Interestingly enough, I do not know any Veterans who are boastful or full of swagger for having served. When thanked for their sacrifice; invariably they are humble, almost embarrassed and at a loss for words.

I know this may seem hollow. However, it is meant with the deepest of feelings:


Thank you all.

May God continue to bless you.

And, may God bless America.

Friday, November 8, 2013

Apples and Pumpkins

The other day my Lovely Bride and I went apple picking. We are fortunate to have a small apple orchard near our home. The operators are a very nice couple who grow various varieties of trees simply because they enjoy it. We are not talking simply Red and Golden Delicious, or Jonathan or MacIntosh here. No siree. Here there are such unusual varieties as Arkansas Black, Virginia Gold, Lady Apple, and Wolf River. Also, there are the wonderful classics; Northern Spy, Empire, and Winesap.  And, (in our opinion)  the gem of the orchard; the Esopus Spitzenburg; believed to be Thomas Jefferson’s favorite apple.  The Apple Patch offers a size, shape, taste, texture and color for everyone.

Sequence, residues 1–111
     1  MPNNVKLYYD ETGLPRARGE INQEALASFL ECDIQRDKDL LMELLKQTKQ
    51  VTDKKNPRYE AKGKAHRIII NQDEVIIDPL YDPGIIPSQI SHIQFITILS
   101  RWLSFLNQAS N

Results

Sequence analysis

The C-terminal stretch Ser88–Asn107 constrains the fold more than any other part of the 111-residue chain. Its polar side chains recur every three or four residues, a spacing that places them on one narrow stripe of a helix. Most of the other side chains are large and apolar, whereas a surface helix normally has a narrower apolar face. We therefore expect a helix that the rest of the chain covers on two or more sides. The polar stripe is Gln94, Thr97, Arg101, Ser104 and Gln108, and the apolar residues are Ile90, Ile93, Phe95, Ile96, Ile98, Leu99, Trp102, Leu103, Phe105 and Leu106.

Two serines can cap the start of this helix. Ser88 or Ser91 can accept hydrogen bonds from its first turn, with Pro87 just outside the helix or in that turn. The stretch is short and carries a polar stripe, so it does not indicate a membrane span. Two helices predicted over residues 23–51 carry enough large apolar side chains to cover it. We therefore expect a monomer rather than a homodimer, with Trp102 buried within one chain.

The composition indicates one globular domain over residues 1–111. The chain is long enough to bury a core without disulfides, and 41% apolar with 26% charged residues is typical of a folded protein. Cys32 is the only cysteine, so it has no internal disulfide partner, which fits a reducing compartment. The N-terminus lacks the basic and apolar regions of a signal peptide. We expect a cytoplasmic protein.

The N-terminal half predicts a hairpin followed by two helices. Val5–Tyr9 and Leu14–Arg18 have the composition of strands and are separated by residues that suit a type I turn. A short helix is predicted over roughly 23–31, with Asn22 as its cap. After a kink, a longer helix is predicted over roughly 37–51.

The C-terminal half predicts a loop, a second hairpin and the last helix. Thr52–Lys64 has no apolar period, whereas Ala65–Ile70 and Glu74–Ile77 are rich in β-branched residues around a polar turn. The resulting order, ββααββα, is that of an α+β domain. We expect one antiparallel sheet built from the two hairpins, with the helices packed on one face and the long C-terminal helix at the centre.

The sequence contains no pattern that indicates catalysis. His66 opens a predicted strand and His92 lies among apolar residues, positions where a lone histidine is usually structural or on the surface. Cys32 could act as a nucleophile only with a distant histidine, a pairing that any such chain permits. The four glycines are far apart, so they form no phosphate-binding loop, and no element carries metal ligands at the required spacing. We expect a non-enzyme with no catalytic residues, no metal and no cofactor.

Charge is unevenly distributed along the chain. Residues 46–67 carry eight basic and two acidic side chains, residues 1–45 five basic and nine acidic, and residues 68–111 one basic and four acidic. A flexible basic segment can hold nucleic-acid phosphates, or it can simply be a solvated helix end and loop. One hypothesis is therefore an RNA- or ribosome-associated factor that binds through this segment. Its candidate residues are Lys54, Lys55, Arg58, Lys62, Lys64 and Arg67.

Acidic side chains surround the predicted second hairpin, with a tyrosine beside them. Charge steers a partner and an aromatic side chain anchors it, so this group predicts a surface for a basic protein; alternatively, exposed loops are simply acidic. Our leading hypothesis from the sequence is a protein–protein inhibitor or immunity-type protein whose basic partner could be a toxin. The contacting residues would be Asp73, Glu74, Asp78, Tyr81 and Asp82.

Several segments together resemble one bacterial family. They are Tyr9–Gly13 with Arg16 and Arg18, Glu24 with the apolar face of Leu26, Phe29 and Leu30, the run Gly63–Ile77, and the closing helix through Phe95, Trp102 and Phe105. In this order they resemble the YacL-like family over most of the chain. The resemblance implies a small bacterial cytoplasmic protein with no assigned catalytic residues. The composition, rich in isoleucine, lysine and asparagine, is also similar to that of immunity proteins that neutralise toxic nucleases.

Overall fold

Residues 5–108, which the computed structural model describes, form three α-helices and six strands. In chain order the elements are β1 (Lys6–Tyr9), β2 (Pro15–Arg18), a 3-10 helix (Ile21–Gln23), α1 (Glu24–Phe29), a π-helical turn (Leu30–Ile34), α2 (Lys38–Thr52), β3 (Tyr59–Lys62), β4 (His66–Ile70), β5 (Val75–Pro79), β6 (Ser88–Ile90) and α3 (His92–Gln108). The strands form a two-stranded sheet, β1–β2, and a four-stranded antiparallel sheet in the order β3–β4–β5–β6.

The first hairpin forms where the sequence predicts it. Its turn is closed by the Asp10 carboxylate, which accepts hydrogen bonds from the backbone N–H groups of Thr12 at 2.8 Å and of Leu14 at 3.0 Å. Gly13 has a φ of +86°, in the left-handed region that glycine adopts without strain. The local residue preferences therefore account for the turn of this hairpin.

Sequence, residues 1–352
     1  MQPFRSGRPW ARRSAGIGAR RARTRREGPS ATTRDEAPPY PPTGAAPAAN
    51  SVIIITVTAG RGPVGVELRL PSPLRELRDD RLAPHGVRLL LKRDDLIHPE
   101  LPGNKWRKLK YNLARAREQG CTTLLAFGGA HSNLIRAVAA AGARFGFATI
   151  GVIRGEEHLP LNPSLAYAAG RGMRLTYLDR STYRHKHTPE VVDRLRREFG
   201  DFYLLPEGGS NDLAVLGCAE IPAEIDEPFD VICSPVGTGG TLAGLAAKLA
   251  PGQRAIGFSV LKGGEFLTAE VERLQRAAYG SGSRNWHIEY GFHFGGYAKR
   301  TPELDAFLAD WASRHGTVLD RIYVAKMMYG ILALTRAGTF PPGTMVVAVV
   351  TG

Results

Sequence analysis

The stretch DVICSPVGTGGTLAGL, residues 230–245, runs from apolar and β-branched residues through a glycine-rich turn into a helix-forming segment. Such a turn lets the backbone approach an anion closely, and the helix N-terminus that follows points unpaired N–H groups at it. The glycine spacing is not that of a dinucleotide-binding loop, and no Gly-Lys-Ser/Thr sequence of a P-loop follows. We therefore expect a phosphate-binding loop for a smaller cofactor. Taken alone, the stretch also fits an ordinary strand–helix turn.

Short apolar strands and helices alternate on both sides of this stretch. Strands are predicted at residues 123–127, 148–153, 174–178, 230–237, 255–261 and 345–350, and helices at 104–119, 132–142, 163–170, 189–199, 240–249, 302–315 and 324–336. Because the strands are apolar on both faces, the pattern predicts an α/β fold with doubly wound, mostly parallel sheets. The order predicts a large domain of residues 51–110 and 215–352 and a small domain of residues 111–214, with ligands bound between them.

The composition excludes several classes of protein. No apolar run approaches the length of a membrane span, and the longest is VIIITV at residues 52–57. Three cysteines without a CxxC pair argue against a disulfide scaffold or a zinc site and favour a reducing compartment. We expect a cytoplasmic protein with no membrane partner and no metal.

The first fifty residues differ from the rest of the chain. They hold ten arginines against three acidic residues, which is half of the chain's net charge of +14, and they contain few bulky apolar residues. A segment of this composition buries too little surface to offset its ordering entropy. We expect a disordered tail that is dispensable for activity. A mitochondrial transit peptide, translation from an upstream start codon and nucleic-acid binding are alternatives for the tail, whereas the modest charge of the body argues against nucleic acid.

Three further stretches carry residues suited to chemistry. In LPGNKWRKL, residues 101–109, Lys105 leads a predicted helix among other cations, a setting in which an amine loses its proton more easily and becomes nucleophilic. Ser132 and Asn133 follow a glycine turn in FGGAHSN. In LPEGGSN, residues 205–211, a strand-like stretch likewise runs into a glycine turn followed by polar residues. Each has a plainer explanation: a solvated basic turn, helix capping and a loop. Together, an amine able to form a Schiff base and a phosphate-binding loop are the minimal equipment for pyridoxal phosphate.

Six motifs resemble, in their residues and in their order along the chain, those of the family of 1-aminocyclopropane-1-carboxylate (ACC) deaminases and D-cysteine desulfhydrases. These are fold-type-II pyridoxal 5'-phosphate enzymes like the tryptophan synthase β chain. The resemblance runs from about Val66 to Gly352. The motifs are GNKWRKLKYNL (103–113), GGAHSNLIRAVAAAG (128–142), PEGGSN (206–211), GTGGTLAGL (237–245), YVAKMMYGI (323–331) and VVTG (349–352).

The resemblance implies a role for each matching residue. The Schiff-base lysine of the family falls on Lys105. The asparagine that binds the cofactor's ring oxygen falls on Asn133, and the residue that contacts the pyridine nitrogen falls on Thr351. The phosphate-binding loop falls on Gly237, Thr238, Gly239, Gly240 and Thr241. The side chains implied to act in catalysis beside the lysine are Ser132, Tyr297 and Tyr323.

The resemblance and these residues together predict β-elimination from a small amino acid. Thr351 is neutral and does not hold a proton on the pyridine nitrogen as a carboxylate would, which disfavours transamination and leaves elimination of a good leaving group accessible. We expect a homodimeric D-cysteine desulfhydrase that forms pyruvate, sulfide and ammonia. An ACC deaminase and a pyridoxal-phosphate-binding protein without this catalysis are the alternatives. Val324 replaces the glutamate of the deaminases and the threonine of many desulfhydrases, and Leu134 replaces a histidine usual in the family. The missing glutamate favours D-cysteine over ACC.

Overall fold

While my Lovely Bride and the orchard owner braved the mud to pick apples, I remained by the apple shed sharing with the owner’s wife tales of Lake County history, grandchildren and, of course; apples. 
Standing in the clear, cool November sunshine, I found myself transported back in time to a similar Fall day. I am a youngster, enthralled with the mission of finding the biggest pumpkin in a neighboring farmer’s display.
Mr. Rivers was an elderly gentleman, (he must have been in his mid-fifties) when I was a child.  Not only was he the local source for pumpkins, squash, apples, and such; he was also my school bus driver, as well as the custodian at my elementary school.